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Olbermann minces no words in lawsuit against Current TV

In a legal complaint for breach of contract, the talk-show host accuses the cable network's co-founders, Al Gore and Joel Hyatt, of blackmail and calls them 'dilettantes portraying entertainment industry executives.'

April 06, 2012|By Scott Collins, Los Angeles Times
  • Political pundit Keith Olbermann, here leaving a 2011 taping of the "Late Show with David Letterman," filed a legal complaint for breach of contract against Current TV co-founders Al Gore and Joel Hyatt, accusing them of blackmail and calling them “dilettantes portraying entertainment industry executives."
Political pundit Keith Olbermann, here leaving a 2011 taping of the "Late… (Charles Sykes / Associated…)

Keith Olbermann isn't mincing words in his $70-million lawsuit against Current TV.

Dumped last week by the upstart cable network, Olbermann let loose a verbal barrage against co-founders Al Gore and Joel Hyatt in a 43-page legal complaint for breach of contract filed Thursday in Los Angeles County Superior Court, accusing them of blackmail and calling them "dilettantes portraying entertainment industry executives."

The lawsuit sets the stage for a high-profile legal battle between two leaders of American liberalism: Gore, a former U.S. vice president and Nobel laureate, and Olbermann, a fiery talk-show host.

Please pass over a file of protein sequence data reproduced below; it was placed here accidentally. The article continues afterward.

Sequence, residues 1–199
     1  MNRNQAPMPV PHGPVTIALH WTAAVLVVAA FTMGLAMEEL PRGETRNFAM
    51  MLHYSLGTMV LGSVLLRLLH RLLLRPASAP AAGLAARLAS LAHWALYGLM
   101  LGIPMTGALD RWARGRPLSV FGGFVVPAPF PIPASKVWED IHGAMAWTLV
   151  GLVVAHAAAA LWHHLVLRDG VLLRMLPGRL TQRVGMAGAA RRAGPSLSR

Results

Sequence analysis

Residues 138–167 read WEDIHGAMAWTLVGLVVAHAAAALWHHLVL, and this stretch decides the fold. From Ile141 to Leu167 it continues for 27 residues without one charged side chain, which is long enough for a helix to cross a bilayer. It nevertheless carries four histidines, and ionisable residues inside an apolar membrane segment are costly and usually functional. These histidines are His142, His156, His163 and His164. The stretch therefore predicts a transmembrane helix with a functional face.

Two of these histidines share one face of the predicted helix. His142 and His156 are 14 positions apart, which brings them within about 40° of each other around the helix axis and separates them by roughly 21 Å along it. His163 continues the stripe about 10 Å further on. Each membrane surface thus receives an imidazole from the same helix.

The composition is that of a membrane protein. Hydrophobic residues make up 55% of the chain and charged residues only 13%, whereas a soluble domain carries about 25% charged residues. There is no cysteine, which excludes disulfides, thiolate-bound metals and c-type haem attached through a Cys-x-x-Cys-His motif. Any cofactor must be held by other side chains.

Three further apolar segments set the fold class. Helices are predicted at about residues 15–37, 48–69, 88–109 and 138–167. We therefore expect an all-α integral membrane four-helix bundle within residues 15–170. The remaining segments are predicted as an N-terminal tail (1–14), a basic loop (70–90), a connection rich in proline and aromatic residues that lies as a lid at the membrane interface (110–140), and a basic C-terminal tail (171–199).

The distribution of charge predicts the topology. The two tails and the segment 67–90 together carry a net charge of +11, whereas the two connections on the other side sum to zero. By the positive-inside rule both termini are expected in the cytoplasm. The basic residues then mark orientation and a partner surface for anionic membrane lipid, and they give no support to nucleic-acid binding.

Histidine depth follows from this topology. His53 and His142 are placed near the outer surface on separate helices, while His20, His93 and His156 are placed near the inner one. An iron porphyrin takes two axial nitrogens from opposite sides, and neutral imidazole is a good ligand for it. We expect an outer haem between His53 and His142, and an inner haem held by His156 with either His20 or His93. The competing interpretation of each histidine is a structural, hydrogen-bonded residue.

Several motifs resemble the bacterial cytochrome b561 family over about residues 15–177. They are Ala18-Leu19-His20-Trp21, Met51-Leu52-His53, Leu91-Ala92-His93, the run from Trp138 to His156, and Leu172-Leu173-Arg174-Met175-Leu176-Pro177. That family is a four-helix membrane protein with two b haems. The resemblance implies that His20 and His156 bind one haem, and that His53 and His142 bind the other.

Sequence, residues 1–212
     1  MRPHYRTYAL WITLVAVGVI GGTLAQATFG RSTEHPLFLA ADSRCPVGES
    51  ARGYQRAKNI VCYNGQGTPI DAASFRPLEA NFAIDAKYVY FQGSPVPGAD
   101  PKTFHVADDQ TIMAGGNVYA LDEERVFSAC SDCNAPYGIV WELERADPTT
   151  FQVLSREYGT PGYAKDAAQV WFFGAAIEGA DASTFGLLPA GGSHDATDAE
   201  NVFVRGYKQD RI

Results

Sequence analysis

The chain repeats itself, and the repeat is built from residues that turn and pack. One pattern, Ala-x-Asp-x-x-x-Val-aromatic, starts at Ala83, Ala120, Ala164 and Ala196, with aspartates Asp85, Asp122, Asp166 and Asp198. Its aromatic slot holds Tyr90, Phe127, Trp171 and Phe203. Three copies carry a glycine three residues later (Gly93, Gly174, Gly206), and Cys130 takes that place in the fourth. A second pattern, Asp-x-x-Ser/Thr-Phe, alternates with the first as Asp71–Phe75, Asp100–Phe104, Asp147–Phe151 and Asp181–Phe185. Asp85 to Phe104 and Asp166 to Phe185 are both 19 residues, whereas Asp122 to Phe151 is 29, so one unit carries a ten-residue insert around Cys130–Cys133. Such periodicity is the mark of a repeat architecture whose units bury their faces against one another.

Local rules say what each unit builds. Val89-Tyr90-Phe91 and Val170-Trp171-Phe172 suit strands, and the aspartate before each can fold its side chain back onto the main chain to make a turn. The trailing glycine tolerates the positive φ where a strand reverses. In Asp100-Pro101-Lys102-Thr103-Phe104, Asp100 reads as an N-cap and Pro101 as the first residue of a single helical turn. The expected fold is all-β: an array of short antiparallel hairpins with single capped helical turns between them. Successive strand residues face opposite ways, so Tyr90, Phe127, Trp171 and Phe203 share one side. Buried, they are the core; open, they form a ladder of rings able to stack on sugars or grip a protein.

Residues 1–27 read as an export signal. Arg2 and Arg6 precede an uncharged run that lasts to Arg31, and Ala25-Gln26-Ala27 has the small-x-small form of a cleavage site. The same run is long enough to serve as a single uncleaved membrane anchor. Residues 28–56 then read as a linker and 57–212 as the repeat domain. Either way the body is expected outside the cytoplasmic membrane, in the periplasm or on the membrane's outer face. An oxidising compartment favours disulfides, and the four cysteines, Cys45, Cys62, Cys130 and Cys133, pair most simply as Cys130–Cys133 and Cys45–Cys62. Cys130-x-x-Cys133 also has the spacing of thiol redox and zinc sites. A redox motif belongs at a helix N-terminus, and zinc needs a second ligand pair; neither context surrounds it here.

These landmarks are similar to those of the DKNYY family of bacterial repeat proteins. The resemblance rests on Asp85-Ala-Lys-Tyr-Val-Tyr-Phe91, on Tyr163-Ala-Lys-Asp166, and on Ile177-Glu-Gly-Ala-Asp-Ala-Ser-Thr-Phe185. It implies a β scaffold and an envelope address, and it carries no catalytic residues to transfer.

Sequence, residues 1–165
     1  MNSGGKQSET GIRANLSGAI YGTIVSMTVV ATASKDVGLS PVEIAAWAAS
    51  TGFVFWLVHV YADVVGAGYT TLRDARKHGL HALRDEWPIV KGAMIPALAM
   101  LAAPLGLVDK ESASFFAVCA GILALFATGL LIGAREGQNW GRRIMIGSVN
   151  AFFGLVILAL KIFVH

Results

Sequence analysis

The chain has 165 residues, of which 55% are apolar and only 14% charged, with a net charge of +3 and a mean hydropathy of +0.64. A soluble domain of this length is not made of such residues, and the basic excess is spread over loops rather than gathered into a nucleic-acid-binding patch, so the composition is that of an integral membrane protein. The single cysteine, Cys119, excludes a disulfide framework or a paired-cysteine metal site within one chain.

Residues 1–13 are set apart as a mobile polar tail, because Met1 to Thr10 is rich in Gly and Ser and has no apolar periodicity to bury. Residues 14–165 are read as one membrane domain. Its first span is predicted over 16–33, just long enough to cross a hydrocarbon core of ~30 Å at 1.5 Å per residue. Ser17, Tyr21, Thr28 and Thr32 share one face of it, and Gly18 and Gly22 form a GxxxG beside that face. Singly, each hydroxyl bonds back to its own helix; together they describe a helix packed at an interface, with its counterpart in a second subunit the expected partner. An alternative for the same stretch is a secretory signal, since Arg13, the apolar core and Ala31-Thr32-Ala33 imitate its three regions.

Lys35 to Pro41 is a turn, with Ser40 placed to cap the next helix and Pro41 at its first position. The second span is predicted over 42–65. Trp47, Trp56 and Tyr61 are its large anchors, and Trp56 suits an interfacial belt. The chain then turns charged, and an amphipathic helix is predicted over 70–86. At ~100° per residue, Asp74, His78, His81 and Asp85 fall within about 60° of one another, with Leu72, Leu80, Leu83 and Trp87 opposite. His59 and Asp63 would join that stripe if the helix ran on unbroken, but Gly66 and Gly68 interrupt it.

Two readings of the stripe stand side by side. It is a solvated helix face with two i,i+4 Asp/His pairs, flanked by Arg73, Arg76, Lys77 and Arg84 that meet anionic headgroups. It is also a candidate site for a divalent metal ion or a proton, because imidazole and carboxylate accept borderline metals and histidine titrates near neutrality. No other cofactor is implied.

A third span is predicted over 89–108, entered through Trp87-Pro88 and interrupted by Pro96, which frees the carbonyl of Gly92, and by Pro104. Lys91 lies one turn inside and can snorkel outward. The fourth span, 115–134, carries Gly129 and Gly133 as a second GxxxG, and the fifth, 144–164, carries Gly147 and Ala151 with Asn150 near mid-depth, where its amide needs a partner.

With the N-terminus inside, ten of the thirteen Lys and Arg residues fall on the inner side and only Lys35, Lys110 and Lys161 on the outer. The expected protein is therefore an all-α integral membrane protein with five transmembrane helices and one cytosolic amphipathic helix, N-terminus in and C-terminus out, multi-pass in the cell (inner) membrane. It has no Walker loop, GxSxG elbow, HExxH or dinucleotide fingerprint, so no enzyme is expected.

The papers peel back the curtain on Current's backstage workings, charging that Gore and Hyatt wooed Olbermann, formerly on MSNBC, to Current with promises that he would be the captain of his own ship, free from corporate interference. But no sooner had he started, Olbermann alleges, than Hyatt began meddling, running the network as his "personal hobbyhorse" and creating "an environment in which major business errors and technical failures became commonplace and acceptable."

The glitches were so bad, the suit argues, that ratings for Olbermann's program "Countdown" suffered.

Less than two weeks before the show premiered on Current, the papers allege, Hyatt — who said he was speaking on Gore's behalf as well — accused Olbermann's manager of leaking contract details to the Hollywood Reporter and threatened to halt the show unless Olbermann banned his representatives "from all interactions related to Current." Olbermann reluctantly agreed, but the suit now calls Hyatt a "blackmailer."

"Olbermann deeply regrets his decision to put his trust in Hyatt and Gore," the suit states.

Current bosses also slotted guest hosts of "Countdown" without his approval, in breach of his contract, and disseminated inaccurate data to the media that understated the program's ratings, the papers say.

In a statement, Current spokesman Chris Lehane called the Olbermann suit "false and malicious."

"Current terminated Keith Olbermann last Thursday for serial, material breaches of his contract, including the failure to show up at work, sabotaging the network and attacking Current and its executives," the statement said, adding a swipe: "We hope Mr. Olbermann understands that when it comes to the legal process, he is actually required to show up."

scott.collins@latimes.com

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